ASU kicks off its annual 'Not a Model Minority' campaign

The "model minority" stereotype was discussed during an open panel

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ASU's 'Not a Model Minority' campaign encouraged participants to advocate for nonconformity, as demonstrated by the one of the campaign's leaders, Zoe Pham.

Courtesy Tahira Tauyyab

Fourth-year McIntire student Jannette Nguyen grew up and attended school in a predominantly Caucasian area. As one of the few minority students at her school, she recalled frustration at being targeted as part of the very common “model minority” stereotype. This myth perpetuates the stereotype that Asian Americans are all smart, successful and superior to other minority groups. 

“If we did well on a test or something, people would just say, ‘Oh, it’s because you're Asian. Of course you’re smart,’” Nguyen said.

Nguyen shared this story with the group gathered in Ern Commons Sunday night at a kickoff event for Asian Student Union’s annual Not A Model Minority Campaign campaign. NMMC will be in effect Sept. 30 through Oct. 4, and the goal of the campaign is to demonstrate why and how this seemingly positive stereotype is destructive.

Sunday night’s “Kickoff Discussion” included a panel of fourth-year College students Eileen Ying and Vilas Annavarapu, second-year College students Katie Zhang and Ankit Agrawal, as well as Nguyen. The panel answered questions about their own experiences with the myth and some suggestions as to how to combat it. Roughly 20 students came to the panel. 

“I felt that [growing up with the myth] was really demeaning because I worked so hard for what I did [in school], and it was frustrating to hear ... ‘Oh, you could have gotten it anyway because you're Asian — you're just naturally smart,’” Nguyen said. 

“I think [the myth] can be viewed as minority groups being used as a tool against other minority groups,” Annavarapu said. “I would say it tells a very incomplete story about Asian-American experiences in the United States. There are plenty of people who aren't privileged in the way the Asian-American stereotype is presented. It erases a lot of history, a lot of oppression and a lot of pain.” 

After the panel, attendees and panelists were encouraged to stay and engage in small group discussions. 

“Great discussions were raised after the panel about the intersectionality of [Asian-American] issues, personal experiences encountering and defying the model minority myth and connections made between students,” said Zoe Pham, second-year College student and co-chair of the ASU advocacy committee.

The Not A Model Minority Campaign was first introduced to the University in 2000. The goal of the campaign is to promote discussion and bring visibility to Grounds surrounding the issue of  “model” stereotypes against the APIDA community. APIDA is a term used by ASU to embody those who identify as Asian, Pacific Islander and Desi-American.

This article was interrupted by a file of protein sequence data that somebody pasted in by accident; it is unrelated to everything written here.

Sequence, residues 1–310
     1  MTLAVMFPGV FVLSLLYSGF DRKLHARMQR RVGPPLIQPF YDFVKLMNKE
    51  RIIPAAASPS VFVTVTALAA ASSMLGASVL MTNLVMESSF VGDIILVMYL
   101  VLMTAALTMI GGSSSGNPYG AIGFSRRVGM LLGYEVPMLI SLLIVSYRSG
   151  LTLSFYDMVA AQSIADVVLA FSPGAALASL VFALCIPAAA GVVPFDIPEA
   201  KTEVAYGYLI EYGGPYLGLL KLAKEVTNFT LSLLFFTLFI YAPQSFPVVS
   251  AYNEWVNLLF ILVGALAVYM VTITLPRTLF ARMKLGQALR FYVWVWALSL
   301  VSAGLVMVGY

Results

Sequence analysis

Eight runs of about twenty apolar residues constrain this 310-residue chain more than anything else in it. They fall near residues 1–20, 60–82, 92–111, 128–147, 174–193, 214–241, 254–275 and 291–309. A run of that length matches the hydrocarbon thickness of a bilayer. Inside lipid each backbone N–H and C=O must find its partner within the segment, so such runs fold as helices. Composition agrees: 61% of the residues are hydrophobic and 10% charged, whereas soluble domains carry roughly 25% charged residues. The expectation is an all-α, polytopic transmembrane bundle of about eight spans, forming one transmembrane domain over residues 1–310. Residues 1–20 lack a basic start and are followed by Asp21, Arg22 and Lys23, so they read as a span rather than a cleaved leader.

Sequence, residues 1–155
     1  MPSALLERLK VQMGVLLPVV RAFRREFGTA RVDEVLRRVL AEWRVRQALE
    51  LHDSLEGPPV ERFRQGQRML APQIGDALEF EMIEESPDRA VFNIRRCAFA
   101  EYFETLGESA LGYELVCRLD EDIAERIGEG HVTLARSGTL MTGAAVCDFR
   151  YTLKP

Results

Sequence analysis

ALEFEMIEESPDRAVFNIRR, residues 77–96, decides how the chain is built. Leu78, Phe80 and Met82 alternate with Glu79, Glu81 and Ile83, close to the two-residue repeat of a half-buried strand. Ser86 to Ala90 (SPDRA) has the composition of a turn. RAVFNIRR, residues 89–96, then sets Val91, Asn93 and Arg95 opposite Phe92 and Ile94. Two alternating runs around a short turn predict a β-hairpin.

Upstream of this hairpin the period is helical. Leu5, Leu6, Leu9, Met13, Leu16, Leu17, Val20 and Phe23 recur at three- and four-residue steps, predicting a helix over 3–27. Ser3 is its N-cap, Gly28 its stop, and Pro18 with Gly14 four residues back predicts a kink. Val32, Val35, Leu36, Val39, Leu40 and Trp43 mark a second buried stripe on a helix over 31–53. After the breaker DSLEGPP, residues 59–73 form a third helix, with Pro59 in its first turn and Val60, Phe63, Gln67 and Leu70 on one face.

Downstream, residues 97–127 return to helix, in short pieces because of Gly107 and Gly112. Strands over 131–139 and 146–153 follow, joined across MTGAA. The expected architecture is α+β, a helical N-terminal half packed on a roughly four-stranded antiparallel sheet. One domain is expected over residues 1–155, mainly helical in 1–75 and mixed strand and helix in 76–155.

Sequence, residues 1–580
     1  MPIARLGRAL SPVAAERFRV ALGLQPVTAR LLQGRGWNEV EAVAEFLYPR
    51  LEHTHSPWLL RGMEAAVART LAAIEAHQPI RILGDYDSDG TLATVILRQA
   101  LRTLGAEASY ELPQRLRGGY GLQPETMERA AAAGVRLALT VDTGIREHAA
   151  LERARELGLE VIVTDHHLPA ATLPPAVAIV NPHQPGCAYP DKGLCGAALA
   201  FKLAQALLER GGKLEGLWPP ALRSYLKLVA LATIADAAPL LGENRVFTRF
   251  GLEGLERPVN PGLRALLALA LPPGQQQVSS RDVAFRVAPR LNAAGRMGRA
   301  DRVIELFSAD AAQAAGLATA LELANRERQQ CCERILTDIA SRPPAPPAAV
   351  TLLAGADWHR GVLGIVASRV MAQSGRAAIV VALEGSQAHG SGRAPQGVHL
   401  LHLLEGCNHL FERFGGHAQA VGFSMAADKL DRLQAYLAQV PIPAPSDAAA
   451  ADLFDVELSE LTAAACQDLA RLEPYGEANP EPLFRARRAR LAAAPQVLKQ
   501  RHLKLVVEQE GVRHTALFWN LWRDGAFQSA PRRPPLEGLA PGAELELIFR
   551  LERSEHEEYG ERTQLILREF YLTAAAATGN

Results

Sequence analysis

While commonly perceived as a positive stereotype, it is ASU’s mission to educate students on Grounds that this concept is actually destructive. According to Valerie Young, third-year College student and president of ASU, the stereotype erases individuality while generalizing all Asian-Americans as disciplined and quiet, for example. The stereotype creates an indirect hierarchy among minorities as well.

“It makes other minorities think of us as the better minority,” Young said. “It  puts minorities against each other when we should all be working together to achieve the same goal of equality,” Young said.

In bringing the NMMC to Grounds, the ASU strives to educate the greater University community as to the problematic nature of the myth and to redefine the stereotype as harmful rather than positive. 

“While [the stereotype] may be representative of some good qualities relevant to the APIDA culture, it definitely hides a lot of the socioeconomic and cultural diversity within the APIDA community,” Pham said. 

Moreover, the ASU aims to ignite a realization among University students — both APIDA and non-APIDA — as to the reality of the issue. Though the stereotypes are often sensed starting at a young age, both Young and Pham recall realizing the weight of the model minority myth once they got to college.

“I know that in high school I wasn't really exposed to social issues at all, but I was exposed to the idea that all Asian Americans are expected to be really disciplined and all be the same,” Young said. “I started tabling for the campaign when I was a first-year and didn't really know what the issue was. I remember realizing the myth as I was talking to people and as they were asking me questions.”

Pham also detailed their experience participating in her first NMMC week after joining ASU as a first-year.

“I had never actually heard the term model minority until I came to U.Va. … I understood what the myth meant, but I didn't really have a term to call it or have the vocabulary to explain why these seemingly positive things were actually bad, ” Pham said.  “I was pretty happy to find something to call this thing that I've experienced my whole life and just to be able to talk about why this is harmful.” 

Though debunking the myth is a yearlong commitment for the ASU, the group works to advocate for one week every year. The week will consist of daily tabling and promotional flyers. ASU will hold chalking opportunities through Oct. 3 from 11 a.m. to 2 p.m. at the Whispering Wall, during which anyone can chalk a message of support and solidarity. Chalking will be held at Newcomb Dining Hall Oct. 4 from 11 a.m. to 2 p.m. ASU encourages anyone to participate in the campaign by stopping by and will hand out stickers as well. 

Correction: This article previously attributed she/her pronouns to second-year College student Zoe Pham, who uses they/them pronouns. It has been updated to reflect their correct pronouns.

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